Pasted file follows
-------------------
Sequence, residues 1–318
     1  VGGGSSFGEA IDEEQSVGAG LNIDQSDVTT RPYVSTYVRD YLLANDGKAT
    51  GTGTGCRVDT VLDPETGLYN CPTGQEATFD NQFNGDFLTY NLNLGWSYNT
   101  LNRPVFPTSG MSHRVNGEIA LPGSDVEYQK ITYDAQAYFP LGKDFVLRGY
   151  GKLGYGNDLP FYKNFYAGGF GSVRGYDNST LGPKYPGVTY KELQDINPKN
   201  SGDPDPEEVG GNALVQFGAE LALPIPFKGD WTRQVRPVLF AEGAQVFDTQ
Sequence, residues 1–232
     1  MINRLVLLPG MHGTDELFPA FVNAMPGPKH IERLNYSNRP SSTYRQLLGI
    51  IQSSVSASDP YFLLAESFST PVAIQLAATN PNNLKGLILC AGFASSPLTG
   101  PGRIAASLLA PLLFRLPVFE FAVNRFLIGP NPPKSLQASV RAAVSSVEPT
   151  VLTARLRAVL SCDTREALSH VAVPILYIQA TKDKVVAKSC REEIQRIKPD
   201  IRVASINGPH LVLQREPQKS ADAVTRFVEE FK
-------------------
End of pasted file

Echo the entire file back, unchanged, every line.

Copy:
Sequence, residues 1–318
     1  VGGGSSFGEA IDEEQSVGAG LNIDQSDVTT RPYVSTYVRD YLLANDGKAT
    51  GTGTGCRVDT VLDPETGLYN CPTGQEATFD NQFNGDFLTY NLNLGWSYNT
   101  LNRPVFPTSG MSHRVNGEIA LPGSDVEYQK ITYDAQAYFP LGKDFVLRGY
   151  GKLGYGNDLP FYKNFYAGGF GSVRGYDNST LGPKYPGVTY KELQDINPKN
   201  SGDPDPEEVG GNALVQFGAE LALPIPFKGD WTRQVRPVLF AEGAQVFDTQ
Sequence, residues 1–232
     1  MINRLVLLPG MHGTDELFPA FVNAMPGPKH IERLNYSNRP SSTYRQLLGI
    51  IQSSVSASDP YFLLAESFST PVAIQLAATN PNNLKGLILC AGFASSPLTG
   101  PGRIAASLLA PLLFRLPVFE FAVNRFLIGP NPPKSLQASV RAAVSSVEPT
   151  VLTARLRAVL SCDTREALSH VAVPILYIQA TKDKVVAKSC REEIQRIKPD
   201  IRVASINGPH LVLQREPQKS ADAVTRFVEE FK